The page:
Fairbank Loop

Posted By on January 20, 2016

Fairbank Loop

5 miles; fairbank, az

I went back again to the San Pedro Riparian etc. and this time it included a trip through the ghost town of Fairbank, which was the railroad depot that served the mines in Tombstone. This trail loops by the Fairbank Cemetery and the remains of the Grand Central Ore Stamping Mill, and back down along the river to the railroad tracks.

Signs on all the buildings

Signs on all the buildings

I wasn’t overly impressed by the ghost town. It was too tidy; it’s owned by the Bureau of Land Management, and appears to be a popular stop along the road to Tombstone. But I did get kind of a kick out of these signs, which were on all the buildings. I didn’t see any, though. I think it’s just too cold for snakes.

Some stabby, bitey vegetation

Some stabby, bitey vegetation

This loop trail is pretty clear and heavily travelled, but the vegetation on either side is kind of typical for the high desert—very stabby and bitey.

Fairbank Cemetery

Fairbank Cemetery

 

Grave site

Grave site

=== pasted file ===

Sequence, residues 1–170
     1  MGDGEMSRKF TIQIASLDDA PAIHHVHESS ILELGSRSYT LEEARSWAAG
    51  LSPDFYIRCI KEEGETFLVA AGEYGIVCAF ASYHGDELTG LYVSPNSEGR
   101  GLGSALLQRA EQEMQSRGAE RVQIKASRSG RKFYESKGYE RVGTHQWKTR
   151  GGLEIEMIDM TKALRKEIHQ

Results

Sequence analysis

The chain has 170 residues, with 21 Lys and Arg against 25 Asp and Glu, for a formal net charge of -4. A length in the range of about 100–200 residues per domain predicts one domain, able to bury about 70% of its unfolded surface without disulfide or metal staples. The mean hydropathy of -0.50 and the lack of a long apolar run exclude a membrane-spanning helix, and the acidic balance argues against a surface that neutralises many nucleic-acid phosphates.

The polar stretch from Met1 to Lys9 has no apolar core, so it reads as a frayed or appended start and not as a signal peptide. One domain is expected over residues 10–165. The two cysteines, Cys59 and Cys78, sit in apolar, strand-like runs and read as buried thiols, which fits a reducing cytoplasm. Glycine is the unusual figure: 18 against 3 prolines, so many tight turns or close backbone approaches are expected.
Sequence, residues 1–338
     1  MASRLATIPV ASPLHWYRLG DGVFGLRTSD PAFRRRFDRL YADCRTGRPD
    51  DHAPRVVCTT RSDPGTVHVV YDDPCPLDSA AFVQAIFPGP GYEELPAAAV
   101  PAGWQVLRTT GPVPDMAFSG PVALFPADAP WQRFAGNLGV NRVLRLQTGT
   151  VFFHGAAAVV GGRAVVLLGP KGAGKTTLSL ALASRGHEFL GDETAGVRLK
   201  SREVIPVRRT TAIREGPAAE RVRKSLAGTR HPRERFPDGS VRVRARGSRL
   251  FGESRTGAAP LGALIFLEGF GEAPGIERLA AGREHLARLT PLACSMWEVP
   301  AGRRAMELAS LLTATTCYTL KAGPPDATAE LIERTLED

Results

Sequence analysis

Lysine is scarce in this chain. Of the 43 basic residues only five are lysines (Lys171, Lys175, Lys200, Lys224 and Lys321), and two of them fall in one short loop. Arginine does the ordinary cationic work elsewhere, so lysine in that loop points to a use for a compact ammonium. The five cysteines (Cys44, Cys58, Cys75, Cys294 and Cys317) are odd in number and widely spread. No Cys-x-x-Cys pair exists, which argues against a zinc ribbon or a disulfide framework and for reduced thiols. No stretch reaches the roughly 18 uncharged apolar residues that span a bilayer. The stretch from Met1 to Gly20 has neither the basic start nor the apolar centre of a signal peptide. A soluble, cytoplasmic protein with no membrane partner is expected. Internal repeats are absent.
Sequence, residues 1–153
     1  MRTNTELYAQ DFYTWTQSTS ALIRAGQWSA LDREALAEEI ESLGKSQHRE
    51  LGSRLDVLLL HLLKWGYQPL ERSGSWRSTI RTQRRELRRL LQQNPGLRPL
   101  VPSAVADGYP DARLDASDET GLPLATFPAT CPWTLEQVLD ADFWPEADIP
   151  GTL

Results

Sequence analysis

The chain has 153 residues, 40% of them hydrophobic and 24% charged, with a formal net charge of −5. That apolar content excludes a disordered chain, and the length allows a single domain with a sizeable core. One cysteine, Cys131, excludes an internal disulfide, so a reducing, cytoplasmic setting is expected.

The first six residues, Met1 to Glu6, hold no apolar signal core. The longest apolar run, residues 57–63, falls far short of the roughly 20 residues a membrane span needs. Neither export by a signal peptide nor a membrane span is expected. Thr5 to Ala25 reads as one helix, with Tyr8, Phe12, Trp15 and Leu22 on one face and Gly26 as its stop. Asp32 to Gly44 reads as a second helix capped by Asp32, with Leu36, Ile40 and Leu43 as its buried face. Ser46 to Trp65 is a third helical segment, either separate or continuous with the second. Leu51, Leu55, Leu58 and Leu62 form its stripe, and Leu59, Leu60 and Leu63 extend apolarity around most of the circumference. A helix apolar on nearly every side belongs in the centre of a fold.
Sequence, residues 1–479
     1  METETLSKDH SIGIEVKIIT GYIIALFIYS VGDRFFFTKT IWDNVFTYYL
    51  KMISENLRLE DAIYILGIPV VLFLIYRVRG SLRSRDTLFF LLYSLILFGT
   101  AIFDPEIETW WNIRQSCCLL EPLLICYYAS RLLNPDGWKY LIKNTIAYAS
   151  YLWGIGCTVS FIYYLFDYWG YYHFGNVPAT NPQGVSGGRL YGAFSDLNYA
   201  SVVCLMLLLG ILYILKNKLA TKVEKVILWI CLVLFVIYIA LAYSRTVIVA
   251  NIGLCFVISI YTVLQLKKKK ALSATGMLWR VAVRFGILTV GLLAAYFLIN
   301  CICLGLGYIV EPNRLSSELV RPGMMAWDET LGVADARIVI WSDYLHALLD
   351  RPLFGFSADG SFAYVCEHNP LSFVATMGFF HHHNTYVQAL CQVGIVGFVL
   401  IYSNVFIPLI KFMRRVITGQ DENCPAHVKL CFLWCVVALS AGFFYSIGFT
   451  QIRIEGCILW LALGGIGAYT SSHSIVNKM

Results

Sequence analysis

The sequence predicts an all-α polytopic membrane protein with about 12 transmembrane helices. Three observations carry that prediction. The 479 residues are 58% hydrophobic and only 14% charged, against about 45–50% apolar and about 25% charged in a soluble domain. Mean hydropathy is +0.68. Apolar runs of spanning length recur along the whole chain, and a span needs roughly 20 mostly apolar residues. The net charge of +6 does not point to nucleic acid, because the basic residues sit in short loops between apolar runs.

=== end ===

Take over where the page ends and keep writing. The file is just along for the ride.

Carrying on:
The historical cemetery wasn’t quite what I’m used to. It was pretty messy and overgrown, and no real proper tombstones, which is really kind of ironic when you think about it. The grave site above with the stuffed animal on it must have been a child’s grave, but I couldn’t find any stone or marker, just the little lamb.

Ore stamping mill

Ore stamping mill

According to the very informative interpretive sign at this site further along the trail, this is the back wall of a giant ore stamping mill. The sign says the mill ran day and night with a loud, thunderous booming noise. Hard to imagine now.

Another mine site

Another mine site

Again, these ruins are very tidy. There was an open mine shaft nearby that was fenced off with barbed wire and emphatic signage. You can see, by the way, the cottonwood trees that line the river in the distance in this photo.

San Pedro River

San Pedro River

The return section of the trail follows the San Pedro River, until it comes to the old railroad bed, where it turns to follow the tracks back into the town.

You can find more information on Fairbanks here.

Comments

Leave a Reply

%d bloggers like this: